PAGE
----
Economic sustainability is strongly linked to business governance. As such, it concerns and includes every initiative and action aimed at improving both the efficiency and effectiveness of the operational, managerial, organizational and decision-making processes. In short, the whole governance of the business. Measuring the success of an initiative presupposes the definition of metrics and parameters that represent in a complete, meaningful and realistic way both the actions undertaken and the expected and results obtained.
All this will have greater significance if the (non-trivial) job of analysing what really matters along the value chain, where the greatest potential lies, and which elements of the business offer the greatest impact, is done. Proactive companies, carefully research potential initiatives and make public their approach and results, not least for investors, through ESG metrics, CSR reports and Sustainability Reports.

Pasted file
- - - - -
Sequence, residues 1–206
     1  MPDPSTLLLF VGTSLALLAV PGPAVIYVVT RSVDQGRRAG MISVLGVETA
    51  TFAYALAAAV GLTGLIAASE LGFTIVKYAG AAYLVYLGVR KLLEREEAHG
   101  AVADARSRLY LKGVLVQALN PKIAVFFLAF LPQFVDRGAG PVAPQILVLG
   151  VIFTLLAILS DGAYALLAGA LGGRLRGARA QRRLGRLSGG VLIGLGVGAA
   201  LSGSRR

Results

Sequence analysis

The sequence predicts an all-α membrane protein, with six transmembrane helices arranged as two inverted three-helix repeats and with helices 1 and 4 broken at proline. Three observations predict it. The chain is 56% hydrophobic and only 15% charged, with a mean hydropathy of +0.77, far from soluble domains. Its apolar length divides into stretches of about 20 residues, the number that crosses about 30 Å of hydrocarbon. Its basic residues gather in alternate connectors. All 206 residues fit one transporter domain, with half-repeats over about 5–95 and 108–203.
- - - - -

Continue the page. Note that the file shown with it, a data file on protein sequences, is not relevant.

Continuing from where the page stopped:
Organic, derivatives and recycling - e.g. unsold mozzarella that becomes smoked provola cheese, animal welfare
Certification and defence of original products, e.g. “bleeding orange” from the Etna Valley
Describing the history of an agri-food product in detail means being able to collect significant information along the entire supply chain and without interruption. This operation, which requires interoperability and information osmosis between companies, cannot be the prerogative of a single component of the supply chain, however relevant it may be. It is therefore necessary to build an integrated and cooperative data collection model that is at the same time sufficiently large, covering as much as possible of the entire supply chain, and sufficiently deep, collecting the maximum information detail functional to the set objectives.